Speech Recognition With Noise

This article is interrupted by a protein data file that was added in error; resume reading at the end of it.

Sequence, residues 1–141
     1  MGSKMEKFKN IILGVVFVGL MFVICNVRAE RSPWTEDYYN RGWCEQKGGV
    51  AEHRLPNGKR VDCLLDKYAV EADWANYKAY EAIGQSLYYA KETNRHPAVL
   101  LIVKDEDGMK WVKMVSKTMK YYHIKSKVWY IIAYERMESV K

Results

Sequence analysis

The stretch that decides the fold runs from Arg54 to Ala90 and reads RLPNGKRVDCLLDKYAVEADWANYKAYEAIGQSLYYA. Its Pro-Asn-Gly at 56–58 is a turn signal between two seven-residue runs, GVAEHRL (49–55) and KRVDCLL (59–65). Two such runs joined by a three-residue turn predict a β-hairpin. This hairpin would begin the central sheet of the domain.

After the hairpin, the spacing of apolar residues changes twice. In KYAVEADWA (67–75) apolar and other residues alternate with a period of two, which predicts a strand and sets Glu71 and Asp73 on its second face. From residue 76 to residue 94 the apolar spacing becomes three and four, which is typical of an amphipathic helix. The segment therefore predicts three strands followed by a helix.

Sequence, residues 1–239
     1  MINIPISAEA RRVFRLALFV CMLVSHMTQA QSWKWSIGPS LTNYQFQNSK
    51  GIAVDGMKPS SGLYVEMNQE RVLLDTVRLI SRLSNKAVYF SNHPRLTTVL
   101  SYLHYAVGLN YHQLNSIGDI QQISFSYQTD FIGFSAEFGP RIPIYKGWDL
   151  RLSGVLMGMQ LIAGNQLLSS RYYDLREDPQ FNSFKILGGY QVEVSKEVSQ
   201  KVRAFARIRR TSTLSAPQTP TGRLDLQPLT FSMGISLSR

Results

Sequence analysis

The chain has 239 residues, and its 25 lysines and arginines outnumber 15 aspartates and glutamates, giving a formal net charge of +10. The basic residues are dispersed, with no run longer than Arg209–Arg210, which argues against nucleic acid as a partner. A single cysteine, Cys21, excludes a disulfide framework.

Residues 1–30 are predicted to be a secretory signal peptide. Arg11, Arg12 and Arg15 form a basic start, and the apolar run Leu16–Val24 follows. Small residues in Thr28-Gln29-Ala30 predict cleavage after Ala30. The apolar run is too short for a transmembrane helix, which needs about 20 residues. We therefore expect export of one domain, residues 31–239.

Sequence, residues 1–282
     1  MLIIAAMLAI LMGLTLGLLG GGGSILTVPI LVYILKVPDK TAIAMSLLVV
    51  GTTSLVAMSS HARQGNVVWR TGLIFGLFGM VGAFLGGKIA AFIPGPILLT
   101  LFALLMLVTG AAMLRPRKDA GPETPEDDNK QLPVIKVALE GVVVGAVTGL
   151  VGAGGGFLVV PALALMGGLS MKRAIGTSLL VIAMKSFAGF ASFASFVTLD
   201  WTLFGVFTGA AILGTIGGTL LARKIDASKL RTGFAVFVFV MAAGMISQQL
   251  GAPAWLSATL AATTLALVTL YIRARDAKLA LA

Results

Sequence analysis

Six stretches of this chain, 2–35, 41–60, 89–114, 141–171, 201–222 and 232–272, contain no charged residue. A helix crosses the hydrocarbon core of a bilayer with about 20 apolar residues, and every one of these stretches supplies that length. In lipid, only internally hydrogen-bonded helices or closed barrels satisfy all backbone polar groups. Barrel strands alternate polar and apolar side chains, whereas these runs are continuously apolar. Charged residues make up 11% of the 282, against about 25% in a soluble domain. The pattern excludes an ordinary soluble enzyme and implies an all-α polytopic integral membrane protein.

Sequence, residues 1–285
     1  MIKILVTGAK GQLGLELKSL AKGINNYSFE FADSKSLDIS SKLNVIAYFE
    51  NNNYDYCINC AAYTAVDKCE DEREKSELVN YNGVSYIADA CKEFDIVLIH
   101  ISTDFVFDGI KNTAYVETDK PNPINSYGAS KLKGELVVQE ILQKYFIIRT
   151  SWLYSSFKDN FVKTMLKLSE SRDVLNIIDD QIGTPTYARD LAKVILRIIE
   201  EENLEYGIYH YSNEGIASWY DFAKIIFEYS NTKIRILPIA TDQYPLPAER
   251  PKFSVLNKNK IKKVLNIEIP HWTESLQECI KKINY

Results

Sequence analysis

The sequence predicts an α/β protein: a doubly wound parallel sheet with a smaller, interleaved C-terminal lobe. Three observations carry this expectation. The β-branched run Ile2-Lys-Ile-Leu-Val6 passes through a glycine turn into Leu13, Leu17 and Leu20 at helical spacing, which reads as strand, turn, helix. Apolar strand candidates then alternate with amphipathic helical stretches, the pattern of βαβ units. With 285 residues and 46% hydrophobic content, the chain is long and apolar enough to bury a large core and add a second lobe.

Delving further into current technologies, it is clear that a lot of the problem lies in the quality of the audio itself. Much of the data used in various experiments is hand-picked to be clean and well-enunciated. But, the authors always acknowledge that a potential weakness, and often a critical disadvantage, is the possible disturbances in a speech. To maintain generality, we need to understand the problem of speech contaminated with various background noises. One of the earlier methods to tackle such a problem was to use Hidden Markov Models in signal decomposition as proposed by Varga and Moore [6]. This technique begins with the signal already fully composed and therefore ignores any pre-processing solutions that might be available at an earlier stage. However, HMM decomposition also has many advantages since it can model various changing signals and thus deal with sudden noises as well as more subtle but persistent background noises. Since the signal consists of various component signals that have been combined together, each component has to be accounted for in its own HMM. When running the Viterbi algorithm to find the most likely sequence, the combination of the various HMMs must be accounted for. This modified algorithm was then compared to the baseline technique as well as to another algorithm known as the Klatt Masking Technique. In Klatt Masking, a certain noise mask is determined based on the overall data. This is deemed the threshold and any noises that fall below it are then treated separately. In this paper, such noises were replaced with the mask itself. The speech data consisted of isolated digits, which were superimposed with either pink noise or machine-gun noise. In the results, the decomposition method always performed much more successfully than the other two methods based on the number of words not recognized by each. However, the results have to be taken with some caution as this paper just scratched the surface of the topic. For one, they only dealt with one fixed background noise at once. Furthermore, an important point to note is that both background noises were still very systematically added. A much more robust test would include actual speech in a loud background environment so that the results cannot appear at all to be contrived. Thus, we should add this technique to our arsenal, but put it through a much more rigorous set of tests. Another technique studied by Urbanowicz and Kantz involved using nonlinear methods to reduce noise by examining the signal beyond second-order statistics [3]. The nonlinear method is compared with a linear method along with a hybrid that switches between the two. Their final results are actually quite scattered depending on the specific nuances of the audio file, such as frequency and amount of noise. Overall, they do claim some success in improving the audio file for a specific commercial speech recognizer. The big caveat, though, is that the techniques used introduced new distortion of its own. In some cases, it did improve recognition capabilities, but they were unsure how it would hold up for various audio. They recognized that further work could be done in expanding the functionality to a more diverse set of sounds. One particular technique proposed classifying audio in five distinct classes: silence, music, background noise, pure speech, and nonpure speech. Then, by determining the boundaries between the different sections, it would be possible to handle each case by itself. Lu et al. discovered that using multiple support vector machines, they were able to